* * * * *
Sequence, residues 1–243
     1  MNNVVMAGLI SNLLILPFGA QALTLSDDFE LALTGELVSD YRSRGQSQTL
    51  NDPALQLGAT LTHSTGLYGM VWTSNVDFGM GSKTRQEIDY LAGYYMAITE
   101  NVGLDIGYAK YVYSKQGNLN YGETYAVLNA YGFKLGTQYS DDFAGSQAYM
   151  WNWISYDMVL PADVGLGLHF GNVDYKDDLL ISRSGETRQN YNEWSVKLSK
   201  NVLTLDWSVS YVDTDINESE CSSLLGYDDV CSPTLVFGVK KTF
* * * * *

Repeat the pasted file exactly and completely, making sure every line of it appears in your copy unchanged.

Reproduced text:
Sequence, residues 1–243
     1  MNNVVMAGLI SNLLILPFGA QALTLSDDFE LALTGELVSD YRSRGQSQTL
    51  NDPALQLGAT LTHSTGLYGM VWTSNVDFGM GSKTRQEIDY LAGYYMAITE
   101  NVGLDIGYAK YVYSKQGNLN YGETYAVLNA YGFKLGTQYS DDFAGSQAYM
   151  WNWISYDMVL PADVGLGLHF GNVDYKDDLL ISRSGETRQN YNEWSVKLSK
   201  NVLTLDWSVS YVDTDINESE CSSLLGYDDV CSPTLVFGVK KTF